Natural myside bias is independent of cognitive ability

Thinking and Reasoning 13 (3):225 – 247 (2007)
Natural myside bias is the tendency to evaluate propositions from within one's own perspective when given no instructions or cues (such as within-participants conditions) to avoid doing so. We defined the participant's perspective as their previously existing status on four variables: their sex, whether they smoked, their alcohol consumption, and the strength of their religious beliefs. Participants then evaluated a contentious but ultimately factual proposition relevant to each of these demographic factors. Myside bias is defined between-participants as the mean difference in the evaluation of the proposition between groups with differing prior status on the variable. Whether an individual difference variable (such as cognitive ability) is related to the magnitude of the myside bias is indicated by whether the individual difference variable interacts with the between-participants status variable. In two experiments involving a total of over 1400 university students ( n  = 1484) and eight different comparisons, we found very little evidence that participants of higher cognitive ability displayed less natural myside bias. The degree of myside bias was also relatively independent of individual differences in thinking dispositions. We speculate that ideas from memetic theory and dual-process theory might help to explain why natural myside bias is quite dissociated from individual difference variables.
Keywords No keywords specified (fix it)
Categories (categorize this paper)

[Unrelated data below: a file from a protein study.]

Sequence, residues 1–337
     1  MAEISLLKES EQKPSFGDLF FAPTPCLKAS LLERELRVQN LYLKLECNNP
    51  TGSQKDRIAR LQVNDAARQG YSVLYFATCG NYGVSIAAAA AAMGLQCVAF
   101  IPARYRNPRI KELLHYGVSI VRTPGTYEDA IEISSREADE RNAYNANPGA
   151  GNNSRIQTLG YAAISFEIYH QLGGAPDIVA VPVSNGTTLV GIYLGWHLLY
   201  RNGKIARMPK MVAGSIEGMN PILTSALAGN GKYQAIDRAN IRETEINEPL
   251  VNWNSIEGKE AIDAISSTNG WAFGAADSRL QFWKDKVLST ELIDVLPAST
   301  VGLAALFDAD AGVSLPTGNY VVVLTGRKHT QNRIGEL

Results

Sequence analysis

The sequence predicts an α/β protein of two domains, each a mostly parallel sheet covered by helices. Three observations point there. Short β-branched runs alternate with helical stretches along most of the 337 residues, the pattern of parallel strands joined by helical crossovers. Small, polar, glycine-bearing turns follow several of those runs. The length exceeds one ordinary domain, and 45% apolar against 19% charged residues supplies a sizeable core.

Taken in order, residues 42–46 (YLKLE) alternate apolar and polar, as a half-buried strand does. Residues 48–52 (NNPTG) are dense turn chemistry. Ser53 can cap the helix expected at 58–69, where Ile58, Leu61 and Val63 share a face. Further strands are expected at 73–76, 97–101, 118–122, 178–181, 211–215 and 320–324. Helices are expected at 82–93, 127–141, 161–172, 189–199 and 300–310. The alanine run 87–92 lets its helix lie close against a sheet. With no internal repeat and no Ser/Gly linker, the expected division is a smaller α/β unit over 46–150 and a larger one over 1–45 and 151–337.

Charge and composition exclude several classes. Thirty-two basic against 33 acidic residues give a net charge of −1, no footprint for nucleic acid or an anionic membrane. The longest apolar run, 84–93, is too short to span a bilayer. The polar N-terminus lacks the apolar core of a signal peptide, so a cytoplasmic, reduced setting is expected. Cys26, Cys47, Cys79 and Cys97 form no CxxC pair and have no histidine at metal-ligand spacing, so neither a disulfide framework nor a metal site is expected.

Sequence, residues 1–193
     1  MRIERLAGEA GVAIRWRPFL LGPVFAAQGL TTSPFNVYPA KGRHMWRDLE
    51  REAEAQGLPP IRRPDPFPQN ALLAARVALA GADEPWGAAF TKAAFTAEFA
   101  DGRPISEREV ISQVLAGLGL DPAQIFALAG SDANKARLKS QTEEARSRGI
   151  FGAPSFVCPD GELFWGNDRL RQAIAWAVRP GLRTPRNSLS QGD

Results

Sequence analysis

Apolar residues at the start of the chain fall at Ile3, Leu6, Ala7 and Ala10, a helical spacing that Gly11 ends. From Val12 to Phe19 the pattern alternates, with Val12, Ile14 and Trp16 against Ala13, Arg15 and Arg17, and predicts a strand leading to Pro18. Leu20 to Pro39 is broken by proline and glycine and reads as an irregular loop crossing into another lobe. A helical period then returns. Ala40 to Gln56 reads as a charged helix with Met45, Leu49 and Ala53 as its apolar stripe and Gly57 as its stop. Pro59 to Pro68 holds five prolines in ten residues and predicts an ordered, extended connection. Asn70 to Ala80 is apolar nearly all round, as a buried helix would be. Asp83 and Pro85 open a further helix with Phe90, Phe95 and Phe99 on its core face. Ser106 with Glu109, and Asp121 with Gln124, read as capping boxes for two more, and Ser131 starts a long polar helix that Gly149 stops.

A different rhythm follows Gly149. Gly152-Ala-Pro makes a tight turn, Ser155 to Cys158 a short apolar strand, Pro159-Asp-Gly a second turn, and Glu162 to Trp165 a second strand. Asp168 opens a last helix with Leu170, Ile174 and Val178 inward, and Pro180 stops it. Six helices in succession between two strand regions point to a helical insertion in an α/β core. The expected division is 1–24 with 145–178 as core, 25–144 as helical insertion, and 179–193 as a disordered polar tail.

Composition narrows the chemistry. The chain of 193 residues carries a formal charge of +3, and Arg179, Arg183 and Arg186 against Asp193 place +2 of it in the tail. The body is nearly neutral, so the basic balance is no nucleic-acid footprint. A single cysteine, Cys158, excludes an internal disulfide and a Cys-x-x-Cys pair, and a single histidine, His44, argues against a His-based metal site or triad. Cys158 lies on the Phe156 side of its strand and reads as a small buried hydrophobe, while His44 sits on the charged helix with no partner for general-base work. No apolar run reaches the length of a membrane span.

Save to my reading list
Follow the author(s)
My bibliography
Export citation
Find it on Scholar
Edit this record
Mark as duplicate
Revision history Request removal from index
Download options
PhilPapers Archive

Upload a copy of this paper     Check publisher's policy on self-archival     Papers currently archived: 22,707
External links
Setup an account with your affiliations in order to access resources via your University's proxy server
Configure custom proxy (use this if your affiliation does not provide a proxy)
Through your library
References found in this work BETA

No references found.

Add more references

Citations of this work BETA
Hugo Mercier (2010). The Social Origins of Folk Epistemology. Review of Philosophy and Psychology 1 (4):499-514.

Add more citations

Similar books and articles

Monthly downloads

Added to index


Total downloads

31 ( #138,856 of 1,939,000 )

Recent downloads (6 months)

7 ( #83,583 of 1,939,000 )

How can I increase my downloads?

My notes
Sign in to use this feature

Start a new thread
There  are no threads in this forum
Nothing in this forum yet.